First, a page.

What are you doing here? Tell me why you are here. If you are not here to win a national championship, you're in the wrong place. You boys are special. I don't want my players to be like other students. I want special people. You can learn a lot on the football field that isn't taught in the home, the church, or the classroom. There are going to be days when you think you've got no more to give and then you're going to give plenty more. You are going to have pride and class. You are going to be very special. You are going to win the national championship for Alabama.
Do not get used to it because it is easy to become a habit, it is a powerful drug. It is in the everyday life of us, in the suffering that we try to cover it, the sacrifices we make, blaming love for the breakup of their dreams. The pain was terrible when it displays its true face, but it temptation, appealing as it is disguised as a sacrifice or self-denial or cowardice. However, the more denial, as we found a way to exist with it, with the courtship of it and turn it into a part of our lives. I do not believe it. No one wants to suffer at all. If I think I could live without pain, that would be a big step, but do not imagine that others will understand me. Yes, the truth is that no one wants to suffer, even those who are still looking for pain and sacrifice there, but they feel they are reasonable, clearly there, and they are receiving the respect of human so, husbands, neighbors, and even God. Now we do not think about it anymore; everything you need to know is how to control this world spinning, not a journey in search of pleasure, but forget their sacrifice for all, that's important. There must a soldier participating in war is to kill the enemy or not? No, he left to sacrifice for the fatherland. Having a wife wants her husband to find himself not happy how? No, she wants her husband saw how sincere she endured as to how to make him happy. There must be a husband to do because they think he will find the fully meet individual needs in the workplace? No, he's brought the sweat and tears of the fine in exchange for peace to the family. And so life there are boys abandon their dreams to please their parents, parents give their lives for their children; pain and suffering are used to justify a bring only joy: love.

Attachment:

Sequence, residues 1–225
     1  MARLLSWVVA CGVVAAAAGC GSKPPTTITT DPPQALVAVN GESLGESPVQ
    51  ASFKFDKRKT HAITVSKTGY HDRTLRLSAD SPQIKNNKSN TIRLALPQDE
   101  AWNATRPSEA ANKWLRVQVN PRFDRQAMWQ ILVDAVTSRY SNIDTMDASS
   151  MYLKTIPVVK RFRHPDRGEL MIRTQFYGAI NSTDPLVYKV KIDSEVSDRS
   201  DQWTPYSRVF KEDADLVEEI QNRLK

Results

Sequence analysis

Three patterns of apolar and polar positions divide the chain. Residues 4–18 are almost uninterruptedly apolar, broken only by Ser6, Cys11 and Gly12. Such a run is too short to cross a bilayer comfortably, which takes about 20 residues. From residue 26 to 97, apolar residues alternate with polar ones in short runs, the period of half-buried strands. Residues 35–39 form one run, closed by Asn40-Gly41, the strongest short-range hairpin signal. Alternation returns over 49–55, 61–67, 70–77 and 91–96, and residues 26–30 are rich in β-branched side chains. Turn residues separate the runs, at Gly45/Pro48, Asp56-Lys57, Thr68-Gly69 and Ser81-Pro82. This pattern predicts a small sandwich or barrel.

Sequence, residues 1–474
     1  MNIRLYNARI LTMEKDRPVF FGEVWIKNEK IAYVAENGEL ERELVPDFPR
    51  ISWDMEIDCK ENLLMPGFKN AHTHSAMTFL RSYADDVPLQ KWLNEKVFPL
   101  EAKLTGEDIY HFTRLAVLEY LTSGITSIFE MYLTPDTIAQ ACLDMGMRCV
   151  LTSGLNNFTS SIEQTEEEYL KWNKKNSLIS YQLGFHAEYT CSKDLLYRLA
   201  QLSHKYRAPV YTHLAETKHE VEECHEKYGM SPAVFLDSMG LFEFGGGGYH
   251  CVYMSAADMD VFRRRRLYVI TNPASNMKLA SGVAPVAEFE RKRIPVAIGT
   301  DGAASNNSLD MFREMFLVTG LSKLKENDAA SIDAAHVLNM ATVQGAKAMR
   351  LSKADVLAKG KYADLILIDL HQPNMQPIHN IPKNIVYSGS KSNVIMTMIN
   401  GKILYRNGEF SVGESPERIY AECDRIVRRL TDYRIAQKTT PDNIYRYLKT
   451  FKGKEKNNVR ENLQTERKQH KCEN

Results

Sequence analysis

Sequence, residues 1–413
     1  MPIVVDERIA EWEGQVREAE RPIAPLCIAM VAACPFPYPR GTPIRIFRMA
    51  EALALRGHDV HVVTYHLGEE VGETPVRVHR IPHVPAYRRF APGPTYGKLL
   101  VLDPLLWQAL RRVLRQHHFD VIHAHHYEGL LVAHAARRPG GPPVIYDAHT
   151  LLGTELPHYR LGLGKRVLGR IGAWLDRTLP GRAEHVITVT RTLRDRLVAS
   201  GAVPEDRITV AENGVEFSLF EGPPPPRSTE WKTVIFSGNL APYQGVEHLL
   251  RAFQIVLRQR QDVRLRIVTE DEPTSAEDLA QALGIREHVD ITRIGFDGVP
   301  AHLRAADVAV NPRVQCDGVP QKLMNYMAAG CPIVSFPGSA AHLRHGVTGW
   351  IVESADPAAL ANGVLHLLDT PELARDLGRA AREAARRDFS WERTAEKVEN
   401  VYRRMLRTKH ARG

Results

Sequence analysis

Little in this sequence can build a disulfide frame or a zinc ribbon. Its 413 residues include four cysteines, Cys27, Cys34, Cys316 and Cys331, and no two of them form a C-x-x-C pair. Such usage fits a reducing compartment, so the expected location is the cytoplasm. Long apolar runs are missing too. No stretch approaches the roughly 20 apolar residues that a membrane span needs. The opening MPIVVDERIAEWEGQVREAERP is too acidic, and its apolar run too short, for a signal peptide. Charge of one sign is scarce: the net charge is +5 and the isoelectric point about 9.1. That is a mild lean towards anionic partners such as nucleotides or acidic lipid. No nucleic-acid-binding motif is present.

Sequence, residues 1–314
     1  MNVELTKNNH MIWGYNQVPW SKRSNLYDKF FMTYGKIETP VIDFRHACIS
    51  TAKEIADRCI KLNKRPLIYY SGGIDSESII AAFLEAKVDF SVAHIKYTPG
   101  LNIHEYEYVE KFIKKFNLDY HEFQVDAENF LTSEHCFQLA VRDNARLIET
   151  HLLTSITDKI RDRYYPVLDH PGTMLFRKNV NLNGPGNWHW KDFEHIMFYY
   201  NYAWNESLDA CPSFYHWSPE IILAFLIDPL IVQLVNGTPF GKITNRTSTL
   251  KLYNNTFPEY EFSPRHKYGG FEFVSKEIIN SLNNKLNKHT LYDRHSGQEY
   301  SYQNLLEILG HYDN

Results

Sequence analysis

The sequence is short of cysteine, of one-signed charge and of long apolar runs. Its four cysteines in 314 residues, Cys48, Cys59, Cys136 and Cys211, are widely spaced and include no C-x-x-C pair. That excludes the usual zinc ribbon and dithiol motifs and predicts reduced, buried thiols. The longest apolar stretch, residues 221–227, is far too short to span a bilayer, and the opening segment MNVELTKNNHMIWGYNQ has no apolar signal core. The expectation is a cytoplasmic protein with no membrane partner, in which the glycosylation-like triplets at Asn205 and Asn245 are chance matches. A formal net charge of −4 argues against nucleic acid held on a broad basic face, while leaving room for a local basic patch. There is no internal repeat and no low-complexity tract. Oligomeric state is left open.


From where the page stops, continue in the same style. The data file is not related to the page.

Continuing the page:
Engage in adolescent philosophy and education as boys and young men, and give special attention to their bodies as they grow up, to acquire a helper for philosophy. As the soul begins to mature with the passing years, tighten up its exercise, and when their strength declines and exempts them from military and political duties, then be turned out to pasture to do nothing - except as a sideline - but practice philosophy, if they're to live happily here and crown their lives when they die with their fitting portion over there.
A free-enterprise economy depends only on markets, and according to the most advanced mathematical macroeconomic theory, markets depend only on moods: specifically, the mood of the men in the pinstripes, also known as the Boys on the Street. When the Boys are in a good mood, the market thrives; when they get scared or sullen, it is time for each one of us to look into the retail apple business.